The last fare

No moon crept across the heavens that night.  Nor no stars.  The boreal mists that sifted into the valley of Salt Lake City were a recurrent natural event of winter in the Valley of the Faithful, the stationary clouds squeezing out the even the sun in the still skies above the capital city of Utah.  As Angel Enriquez squired his final fare for the evening across the boulevards of the sacred city to a celebrated trattoria situated off the city square, he was anxious to retreat to his snug and solitary studio, where he could stretch out in a warm bed.  Having put in a full, dreary twelve-hour day, he was anxious to turn in and get a good night’s rest before it all began again the following day.

Although appearing Hispanic, Angel Enriquez was actually a half-breed, with no real Hispanic roots: While his mother was pure Anglo, his father was a full-blooded Acoma, a member of a small pueblo tribe that occupied the mesa in northwestern New Mexico that was known as Sky City.  It was even more complicated than that, for his father was adopted.  Taken in by a Mexican couple who had immigrated to western Colorado from Guadalajara, his paternal grandfather was a brakeman on the Denver and Rio Grande Railroad that bore through the frontier town of Bridger.  Angel grew up in Riverton a bit of a loner, neither being entirely accepted by the Anglos, nor adopted by the Hispanics.   Finding himself in such a state, he matured fast and he grew tough, bullies and gang members pressing him to many a fight because of the foreign blood coursing through his veins.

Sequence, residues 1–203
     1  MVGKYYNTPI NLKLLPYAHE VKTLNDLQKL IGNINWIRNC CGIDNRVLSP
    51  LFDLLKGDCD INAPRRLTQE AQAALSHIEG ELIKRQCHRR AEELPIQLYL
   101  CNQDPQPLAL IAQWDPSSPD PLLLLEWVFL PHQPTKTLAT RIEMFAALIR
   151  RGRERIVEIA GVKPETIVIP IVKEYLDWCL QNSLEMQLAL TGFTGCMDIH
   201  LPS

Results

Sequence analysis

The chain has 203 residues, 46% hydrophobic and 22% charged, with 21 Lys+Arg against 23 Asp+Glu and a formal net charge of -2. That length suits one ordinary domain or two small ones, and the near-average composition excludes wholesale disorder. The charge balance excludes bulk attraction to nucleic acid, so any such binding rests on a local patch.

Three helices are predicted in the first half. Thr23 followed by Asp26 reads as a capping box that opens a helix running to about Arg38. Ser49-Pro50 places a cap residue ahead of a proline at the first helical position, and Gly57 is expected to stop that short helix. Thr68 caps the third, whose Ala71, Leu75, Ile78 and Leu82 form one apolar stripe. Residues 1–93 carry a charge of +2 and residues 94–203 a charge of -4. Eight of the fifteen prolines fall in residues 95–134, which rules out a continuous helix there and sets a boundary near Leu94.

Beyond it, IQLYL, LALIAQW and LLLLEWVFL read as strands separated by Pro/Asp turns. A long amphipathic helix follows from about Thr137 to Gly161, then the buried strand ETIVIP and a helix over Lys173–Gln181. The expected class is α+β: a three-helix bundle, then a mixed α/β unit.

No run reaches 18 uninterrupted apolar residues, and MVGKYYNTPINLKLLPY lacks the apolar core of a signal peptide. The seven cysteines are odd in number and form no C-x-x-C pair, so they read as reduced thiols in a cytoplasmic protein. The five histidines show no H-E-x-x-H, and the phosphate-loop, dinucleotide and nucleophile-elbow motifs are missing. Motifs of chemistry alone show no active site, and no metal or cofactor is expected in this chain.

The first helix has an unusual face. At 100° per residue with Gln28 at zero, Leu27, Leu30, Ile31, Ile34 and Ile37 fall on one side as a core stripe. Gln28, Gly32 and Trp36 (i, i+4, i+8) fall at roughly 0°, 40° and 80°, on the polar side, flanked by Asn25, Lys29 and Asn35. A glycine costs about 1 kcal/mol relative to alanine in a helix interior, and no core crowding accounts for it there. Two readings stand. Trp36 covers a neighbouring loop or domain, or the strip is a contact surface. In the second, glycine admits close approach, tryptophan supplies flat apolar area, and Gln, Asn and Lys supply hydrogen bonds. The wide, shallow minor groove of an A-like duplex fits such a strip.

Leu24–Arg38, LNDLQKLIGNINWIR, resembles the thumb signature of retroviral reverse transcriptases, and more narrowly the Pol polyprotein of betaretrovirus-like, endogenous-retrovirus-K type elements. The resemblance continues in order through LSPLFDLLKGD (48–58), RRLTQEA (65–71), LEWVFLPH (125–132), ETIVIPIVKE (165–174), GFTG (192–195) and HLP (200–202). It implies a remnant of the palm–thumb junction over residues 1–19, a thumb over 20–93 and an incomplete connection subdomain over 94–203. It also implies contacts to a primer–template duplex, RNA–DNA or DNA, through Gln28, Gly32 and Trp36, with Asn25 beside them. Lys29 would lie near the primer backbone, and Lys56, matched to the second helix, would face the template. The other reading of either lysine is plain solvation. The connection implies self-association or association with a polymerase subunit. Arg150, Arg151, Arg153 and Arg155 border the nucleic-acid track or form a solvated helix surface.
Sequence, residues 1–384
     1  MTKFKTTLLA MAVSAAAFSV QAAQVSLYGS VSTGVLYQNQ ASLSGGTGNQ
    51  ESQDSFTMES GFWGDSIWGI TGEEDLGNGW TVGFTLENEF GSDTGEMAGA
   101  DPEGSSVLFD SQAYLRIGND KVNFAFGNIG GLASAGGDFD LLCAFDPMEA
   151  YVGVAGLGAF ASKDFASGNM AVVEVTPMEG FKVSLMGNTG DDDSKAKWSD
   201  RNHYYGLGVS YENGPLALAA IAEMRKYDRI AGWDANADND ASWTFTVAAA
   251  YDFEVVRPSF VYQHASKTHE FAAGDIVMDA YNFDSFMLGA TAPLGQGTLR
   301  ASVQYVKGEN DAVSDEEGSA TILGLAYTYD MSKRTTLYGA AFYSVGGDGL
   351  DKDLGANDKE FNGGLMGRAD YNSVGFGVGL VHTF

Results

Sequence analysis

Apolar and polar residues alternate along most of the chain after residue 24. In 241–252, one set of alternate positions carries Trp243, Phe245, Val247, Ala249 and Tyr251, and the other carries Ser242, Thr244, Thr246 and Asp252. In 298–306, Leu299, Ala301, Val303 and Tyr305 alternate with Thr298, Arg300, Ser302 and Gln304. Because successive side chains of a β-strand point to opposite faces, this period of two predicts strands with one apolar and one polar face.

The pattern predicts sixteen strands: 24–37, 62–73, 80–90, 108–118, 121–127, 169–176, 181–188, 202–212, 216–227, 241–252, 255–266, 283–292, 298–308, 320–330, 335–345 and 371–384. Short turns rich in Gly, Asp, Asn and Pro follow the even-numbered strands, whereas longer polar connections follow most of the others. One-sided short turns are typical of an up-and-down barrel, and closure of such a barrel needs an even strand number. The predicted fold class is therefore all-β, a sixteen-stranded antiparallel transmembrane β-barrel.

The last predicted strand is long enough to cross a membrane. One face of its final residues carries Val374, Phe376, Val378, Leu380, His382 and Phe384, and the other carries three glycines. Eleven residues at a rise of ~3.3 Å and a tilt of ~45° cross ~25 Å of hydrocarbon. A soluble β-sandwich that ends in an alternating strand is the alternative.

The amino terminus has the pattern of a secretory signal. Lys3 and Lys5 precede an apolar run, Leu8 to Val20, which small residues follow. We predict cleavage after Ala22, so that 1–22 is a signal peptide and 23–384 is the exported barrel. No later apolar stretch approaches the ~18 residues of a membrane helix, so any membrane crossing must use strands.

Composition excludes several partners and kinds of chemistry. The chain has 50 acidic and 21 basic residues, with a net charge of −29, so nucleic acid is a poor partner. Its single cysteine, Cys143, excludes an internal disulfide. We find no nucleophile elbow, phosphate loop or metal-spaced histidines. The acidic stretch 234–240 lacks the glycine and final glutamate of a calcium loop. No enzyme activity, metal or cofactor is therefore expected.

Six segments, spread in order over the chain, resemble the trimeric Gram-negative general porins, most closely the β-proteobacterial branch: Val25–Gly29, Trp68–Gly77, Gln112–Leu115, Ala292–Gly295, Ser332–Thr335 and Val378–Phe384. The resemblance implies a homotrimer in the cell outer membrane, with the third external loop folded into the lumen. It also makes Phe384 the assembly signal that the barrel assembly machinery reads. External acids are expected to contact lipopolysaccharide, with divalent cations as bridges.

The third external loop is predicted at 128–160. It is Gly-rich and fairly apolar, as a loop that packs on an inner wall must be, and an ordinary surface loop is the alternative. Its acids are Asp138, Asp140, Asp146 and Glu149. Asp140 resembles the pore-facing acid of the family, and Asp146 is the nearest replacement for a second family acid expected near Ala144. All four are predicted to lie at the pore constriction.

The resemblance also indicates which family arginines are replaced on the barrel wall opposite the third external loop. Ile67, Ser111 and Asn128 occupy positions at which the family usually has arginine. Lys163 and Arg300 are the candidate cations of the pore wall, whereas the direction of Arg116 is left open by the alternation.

Then his father, Gabriel Enriquez, an insurance salesman, was transferred to Denver.  There his mother, a nurse found gainful employment as a nurse at the University Medical Center before becoming a lucratively paid administrator in a big pharmaceutical firm, specializing in the drugs and medical care of diabetics, a scourge she also suffered from.  It was her income that allowed the family to retreat to an affluent suburb where Angel enrolled in an exclusive school, with state-of-the art computers and other scholastic technology.  Furthermore, St. Ignatius Junior and High School supported a wide array of sports avenues.  Growing up tough, filling out stout, gifted with exceptional quickness, Angel was a coach’s dream to don a football uniform, a catcher’s uniform, or strap on a wrestler’s garb, he opted out by donning the pads, mask, and grasping a curved oak stick and found a place on the hockey team.  Skating came to him naturally, as did slapping a hockey puck into the hockey net.  Soon, he was the Center of St. Ignatius’ hockey team.  Though barely securing a winning season among the hockey league of the prep schools along the Front Range of Colorado, Angel averaged 2.5 goals per game, was named consensus all-league Center, and was spotted by a Canadian junior hockey scout.  All this when he was only a junior in high school.  Offered a spot on one of the junior league’s hockey teams that spent the summer jousting with each other to develop players, Angel assented, that June finding him in Vancouver, playing for the British Columbia Pirates.  Other members on the team were of similar age.  But though he held his own during this summer league season, the next year, on a more senior team, he met his Waterloo.  Though fast, though tough, though slippery, opponents began ganging up on him.  Slammed against the glass partition during one of the first games, Angel slumped against the wall with total loss of consciousness.  Because of the concussion, he sat out a month’s worth of games.  When he returned, two opponents slammed into him from opposite sides in his first game back.  When he tried to get up, he felt a sharp pain in his left knee and was forced to be helped from the ice.  The attending physician for the Pirates examined him and told him that he didn’t think it was “too serious.”  All week, he spent rehabilitating his knee for the next game, that Saturday.  His parents had driven up from Denver to see him play.  Though his knee was far from a hundred percent, he managed a goal in the first period.  The second period, three opponents sandwiched him like a mouse trap on mid-ice.  He collapsed to the ice, suffering his second concussion of the season.  This time the concussion kept him out for the duration of the season.  Returning from Vancouver to Denver just before Memorial Day, Angel hung up his skates for good.